Let's set the blending mode from Normal to Multiply which will help it interact with the footage a little bit better. Excellent! Now, when I scrub through, you can see-- Let's turn that off and on, so you can see the effect that it had. That's without the More Darker layer, and that's with the More Darker layer. You can see that it really helps to draw your eye towards the center of the screen and that's really the whole purpose. With the darkening and the character added to our frame now, we're ready to move on to the type elements that are going to go along with the voiceover.

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This video is part of

Image for CINEMA 4D: Designing a Promo
CINEMA 4D: Designing a Promo

70 video lessons · 13545 viewers

Rob Garrott
Author

 
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  1. 5m 8s
    1. Welcome
      1m 7s
    2. Using the exercise files
      1m 24s
    3. Overview of the project template
      2m 37s
  2. 11m 12s
    1. Creative brief
      1m 57s
    2. Sketches and script
      3m 8s
    3. Understanding the graphic animation process
      6m 7s
  3. 25m 5s
    1. Understanding the animatic process
      2m 15s
    2. Importing sketches into After Effects
      6m 20s
    3. Timing out the animation
      10m 4s
    4. Adding onscreen timecode for reference
      6m 26s
  4. 40m 2s
    1. Creating text and logo elements in Adobe Illustrator
      6m 44s
    2. Importing Illustrator elements into Cinema 4D
      8m 24s
    3. Creating guide planes for modeling a rough shark
      6m 13s
    4. Creating a rough shark model
      12m 14s
    5. Preparing a dummy rig using a Spline Wrap object
      6m 27s
  5. 53m 17s
    1. Setting up a project file for the cameramatic
      6m 15s
    2. Animating the rough shark using the Spline Wrap object
      5m 14s
    3. Animating the camera
      6m 8s
    4. Duplicating an animated rough model to create a school of sharks
      11m 4s
    5. Creating a preview movie and importing it into After Effects
      5m 45s
    6. Assembling the cameramatic
      8m 34s
    7. Fine-tuning the cameramatic timing
      10m 17s
  6. 1h 9m
    1. Preparing for the modeling process
      6m 7s
    2. Outlining the shapes using the Knife tool
      9m 50s
    3. Creating the mouth using the Extrude tool
      10m 40s
    4. Adding eyes using the Symmetry object
      9m 57s
    5. Creating fins using the Extrude tool
      7m 11s
    6. Creating the tail and dorsal fins using the Extrude tool
      10m 38s
    7. Creating gums using the Symmetry object
      6m 45s
    8. Creating teeth and finalizing the model
      8m 6s
  7. 15m 5s
    1. Understanding the rigging process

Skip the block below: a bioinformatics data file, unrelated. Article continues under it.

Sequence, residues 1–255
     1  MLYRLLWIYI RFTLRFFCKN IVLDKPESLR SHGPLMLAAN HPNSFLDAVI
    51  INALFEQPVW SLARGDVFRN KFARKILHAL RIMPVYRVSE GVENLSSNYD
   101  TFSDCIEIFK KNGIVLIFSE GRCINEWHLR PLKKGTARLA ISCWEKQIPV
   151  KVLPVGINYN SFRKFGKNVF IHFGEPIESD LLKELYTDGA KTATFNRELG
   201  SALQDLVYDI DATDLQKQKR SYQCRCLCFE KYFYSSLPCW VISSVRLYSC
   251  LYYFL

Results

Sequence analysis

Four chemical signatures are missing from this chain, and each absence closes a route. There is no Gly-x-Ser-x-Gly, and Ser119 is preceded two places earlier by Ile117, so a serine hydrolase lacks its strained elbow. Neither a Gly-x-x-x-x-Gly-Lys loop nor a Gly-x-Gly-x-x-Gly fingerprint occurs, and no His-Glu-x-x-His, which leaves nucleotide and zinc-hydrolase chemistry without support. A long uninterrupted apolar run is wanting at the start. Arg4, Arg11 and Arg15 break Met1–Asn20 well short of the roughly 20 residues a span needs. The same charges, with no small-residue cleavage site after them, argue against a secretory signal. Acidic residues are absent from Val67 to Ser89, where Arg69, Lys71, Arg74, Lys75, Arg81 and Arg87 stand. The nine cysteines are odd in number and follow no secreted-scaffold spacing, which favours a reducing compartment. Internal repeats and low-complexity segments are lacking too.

2m 0s
    2. Opening the shark mouth using the Morph tag
      5m 9s
    3. Using XPresso to link the jaw to the Morph animation
      7m 56s
  8. 33m 25s
    1. Using BodyPaint to prepare the model for texturing
      8m 22s
    2. Applying color to the shark using BodyPaint
      6m 45s
    3. Giving the shark character by painting in the diffusion channel
      5m 29s
    4. Roughing the surface using the bump channel
      4m 34s
    5. Texturing the eyes
      3m 51s
    6. Texturing the teeth and gums
      4m 24s
  9. 21m 24s
    1. Replacing the rough shark model in the intro shot with the finished model
      6m 47s
    2. Replacing the rough shark model in the transition shot
      3m 43s
    3. Replacing the rough shark model in the hero shot
      4m 28s
    4. Replacing the rough shark model in the end page shot
      3m 42s
    5. Updating the cameramatic with the final animation
      2m 44s
  10. 50m 27s
    1. Creating an underwater look using Global Illumination and atmosphere
      9m 47s
    2. Lighting the objects and creating shadows
      6m 54s
    3. Shading the text using materials
      6m 28s
    4. Creating a reflective floor for the underwater scene
      3m 58s
    5. Lighting shot 1: Copying and pasting a lighting setup from another project
      5m 49s
    6. Lighting shot 2: Pasting a lighting setup and making adjustments
      3m 57s
    7. Lighting shot 4: Separate elements in a shot (the shark)
      3m 13s
    8. Lighting shot 4: Separate elements in a shot (the text)
      10m 21s
  11. 22m 7s
    1. Preparing shot 1 for rendering to After Effects
      6m 20s
    2. Preparing shot 2 for rendering by saving and using render presets
      4m 45s
    3. Preparing shot 3 for rendering
      2m 37s
    4. Setting up shot 4 to render in two passes
      4m 4s
    5. Performing a preflight check to ensure clips are ready to render
      2m 9s
    6. Batch-rendering
      2m 12s
  12. 1h 13m
    1. Importing assets and setting up the After Effects project for final compositing
      6m 5s
    2. The intro shot: Using Photoshop elements and noise effects to add atmosphere
      8m 38s
    3. The intro shot: Compositing in stock video footage to add character
      4m 51s
    4. The intro shot: Adding text elements to the composite
      8m 32s
    5. The hero shot: Controlling the look using precomps
      7m 59s
    6. The hero shot: Using stock video footage to add character
      7m 19s
    7. The end page shot: Combining multiple passes to form a final composite shot
      2m 41s
    8. The end page shot: Adding text elements to the composite
      7m 44s
    9. Compositing the transition shots
      3m 47s
    10. Assembling the final composition
      9m 2s
    11. Adding the final audio to the composition and rendering
      7m 10s
  13. 21s
    1. Goodbye
      21s